The man in the wheelchair had a bedsore on his backside. This is apparently very common for people in wheelchairs. I have never seen a bedsore, so seeing one for the first time was shocking on its own. However, the thing that made me really squeamish was that the couple incorporated it into their lovemaking. We had 3 or 4 nurses in our group and this didn’t bother them at all, but for me, it was challenging to watch. It’s one of those things that I wish I had not seen because I can’t unsee it. The woman in the film was very loving toward the man and caressed his sore in a way that I’m sure felt very healing to both of them, but I couldn’t handle it.
The final section, titled Delightful, Deviant and Dangerous, had no instructional material. The facilitators said that they have not been able to find anything instructional that they could agree would be a good fit for the program. The clip we saw for this was hardcore gay male porn. They explained that statistically speaking, it is always likely that there will be at least one or two females in every group that have been sexually assaulted and that choosing heterosexual porn with such extreme themes could trigger a reaction in these individuals. They’ve found that using gay male porn minimizes the chances of this happening.
The scene included three men, two in various states of leather dress and giant hoop-like piercings on the end of their dicks. One had a full leather gas mask. The third seemed to be servicing the other two for the most part. It took place in a large shower room. Without resorting to a play by play, I will tell you that the clip included anal fisting, multiple versions of the ‘man train’ (where in one man penetrates another who is penetrating a third), simulated forced oral sex (the ‘forced’ part was simulated not the actual oral part), and piss play which included being urinated on and urinating in each other, including their mouths.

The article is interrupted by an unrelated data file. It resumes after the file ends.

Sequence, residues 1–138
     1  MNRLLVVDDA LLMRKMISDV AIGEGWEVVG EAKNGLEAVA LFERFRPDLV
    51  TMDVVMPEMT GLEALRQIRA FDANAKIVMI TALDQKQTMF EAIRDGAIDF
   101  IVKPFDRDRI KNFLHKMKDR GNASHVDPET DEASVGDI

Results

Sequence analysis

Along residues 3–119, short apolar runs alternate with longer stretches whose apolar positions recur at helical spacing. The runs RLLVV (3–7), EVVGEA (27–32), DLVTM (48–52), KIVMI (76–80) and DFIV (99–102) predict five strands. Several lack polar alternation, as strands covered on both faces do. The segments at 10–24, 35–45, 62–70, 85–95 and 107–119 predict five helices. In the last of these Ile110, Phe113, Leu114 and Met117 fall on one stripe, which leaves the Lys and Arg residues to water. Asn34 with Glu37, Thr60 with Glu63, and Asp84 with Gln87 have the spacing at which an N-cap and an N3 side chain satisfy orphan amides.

I had two moments of queasiness during this scene. The first happened when the facilitator pressed ‘Play’. He had not given much of a lead up because he wanted us to pay attention to our reactions and not have any preparation time to decide how we feel before we had even see it. He did say that it might be difficult to watch and that some of us might feel like we have to look away for a moment or two. The scene started with oral sex that was meant to look forced. I closed my eyes at that moment. I am generally okay with every kind of sex I can think of between consenting adults, but when that consent seems to be missing, I immediately shut down. I don’t want to see anything non-consensual…ever.